Would this lens be good for shooting weedings and graduations? Using flash, of course.
Logged
Fips
Full Member
***
Offline Offline

Posts: 195



WWW
« Reply #6 on: October 30, 2012, 03:19:53 AM »
ReplyReply

I don't know much about APS-C. I can imagine that's a old technology right? What's the tech nowadays cameras are coming with now?

APS-C is not a technology but only a name for a certain sensor size. In principle the larger the sensor the better in terms of overall image quality. Sensors the size of film (at least the type of film you are probably familiar with) are called full-frame or 35mm are very expensive to make because the require some extra steps in the production.
APS-C sized sensors can be made cheaper and in addition have the advantage of allowing for smaller and lighter bodies and lenses(!).

If you don't have any experience with wide-angle lenses, why not rent one or two to figure out yourself what you want? People here are very helpful and will certainly not recommend any crap lenses but in the end they have to suit you and not anyone else.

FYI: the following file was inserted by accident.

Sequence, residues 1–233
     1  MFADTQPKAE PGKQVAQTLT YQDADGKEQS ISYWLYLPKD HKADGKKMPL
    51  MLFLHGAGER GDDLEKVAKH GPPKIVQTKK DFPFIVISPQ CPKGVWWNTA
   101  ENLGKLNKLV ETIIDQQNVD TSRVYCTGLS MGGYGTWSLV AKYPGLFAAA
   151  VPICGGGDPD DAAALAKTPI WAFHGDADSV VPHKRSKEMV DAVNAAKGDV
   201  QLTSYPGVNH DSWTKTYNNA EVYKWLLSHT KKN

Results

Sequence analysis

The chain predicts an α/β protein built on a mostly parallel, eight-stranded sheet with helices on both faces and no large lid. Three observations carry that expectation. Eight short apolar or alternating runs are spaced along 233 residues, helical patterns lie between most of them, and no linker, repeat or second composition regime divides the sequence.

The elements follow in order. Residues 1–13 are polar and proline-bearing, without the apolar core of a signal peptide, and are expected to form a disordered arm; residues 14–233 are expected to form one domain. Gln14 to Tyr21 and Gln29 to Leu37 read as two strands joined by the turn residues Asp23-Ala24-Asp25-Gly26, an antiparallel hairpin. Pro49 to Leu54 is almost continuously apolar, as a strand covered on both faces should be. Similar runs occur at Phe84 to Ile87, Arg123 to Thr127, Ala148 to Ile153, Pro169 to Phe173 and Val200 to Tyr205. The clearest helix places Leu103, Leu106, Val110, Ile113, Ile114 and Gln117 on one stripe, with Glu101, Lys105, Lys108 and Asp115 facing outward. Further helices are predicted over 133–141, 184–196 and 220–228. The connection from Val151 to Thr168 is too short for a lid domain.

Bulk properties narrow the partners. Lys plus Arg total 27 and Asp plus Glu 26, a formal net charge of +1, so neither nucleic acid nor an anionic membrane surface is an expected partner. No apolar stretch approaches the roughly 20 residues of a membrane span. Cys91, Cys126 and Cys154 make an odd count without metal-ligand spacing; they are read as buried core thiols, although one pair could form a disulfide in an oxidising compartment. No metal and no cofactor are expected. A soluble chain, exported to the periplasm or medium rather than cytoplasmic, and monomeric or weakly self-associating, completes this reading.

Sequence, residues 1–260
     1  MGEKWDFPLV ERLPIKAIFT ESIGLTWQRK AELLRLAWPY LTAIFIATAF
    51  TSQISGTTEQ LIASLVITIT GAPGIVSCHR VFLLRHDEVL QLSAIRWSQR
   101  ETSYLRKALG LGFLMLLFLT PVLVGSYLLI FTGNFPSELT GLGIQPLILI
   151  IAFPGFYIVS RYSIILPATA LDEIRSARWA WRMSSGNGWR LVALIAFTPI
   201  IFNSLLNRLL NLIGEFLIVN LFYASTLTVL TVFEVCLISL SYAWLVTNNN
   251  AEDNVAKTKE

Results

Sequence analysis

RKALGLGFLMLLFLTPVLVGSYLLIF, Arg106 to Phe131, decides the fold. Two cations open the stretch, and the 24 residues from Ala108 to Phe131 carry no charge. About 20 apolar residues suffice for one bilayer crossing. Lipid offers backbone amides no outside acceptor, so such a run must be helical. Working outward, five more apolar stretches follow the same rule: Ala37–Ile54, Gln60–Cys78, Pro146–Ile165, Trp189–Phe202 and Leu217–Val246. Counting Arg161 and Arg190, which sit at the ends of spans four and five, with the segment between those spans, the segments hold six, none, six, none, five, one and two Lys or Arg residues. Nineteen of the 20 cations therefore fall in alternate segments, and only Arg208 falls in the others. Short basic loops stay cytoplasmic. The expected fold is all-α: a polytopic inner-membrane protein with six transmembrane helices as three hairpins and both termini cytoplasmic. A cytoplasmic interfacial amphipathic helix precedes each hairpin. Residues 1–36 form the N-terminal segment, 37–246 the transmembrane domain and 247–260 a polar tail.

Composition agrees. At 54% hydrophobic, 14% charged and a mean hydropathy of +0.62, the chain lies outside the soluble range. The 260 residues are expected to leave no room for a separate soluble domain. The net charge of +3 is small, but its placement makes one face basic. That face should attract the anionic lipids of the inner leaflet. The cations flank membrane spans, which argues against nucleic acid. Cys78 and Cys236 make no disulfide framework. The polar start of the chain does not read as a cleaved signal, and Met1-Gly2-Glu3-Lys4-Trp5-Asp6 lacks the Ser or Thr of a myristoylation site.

Logged
Bubolz
Newbie
*
Offline Offline

Posts: 12


« Reply #7 on: October 30, 2012, 06:26:01 AM »
ReplyReply

APS-C is not a technology but only a name for a certain sensor size. In principle the larger the sensor the better in terms of overall image quality. Sensors the size of film (at least the type of film you are probably familiar with) are called full-frame or 35mm are very expensive to make because the require some extra steps in the production.
APS-C sized sensors can be made cheaper and in addition have the advantage of allowing for smaller and lighter bodies and lenses(!).

If you don't have any experience with wide-angle lenses, why not rent one or two to figure out yourself what you want? People here are very helpful and will certainly not recommend any crap lenses but in the end they have to suit you and not anyone else.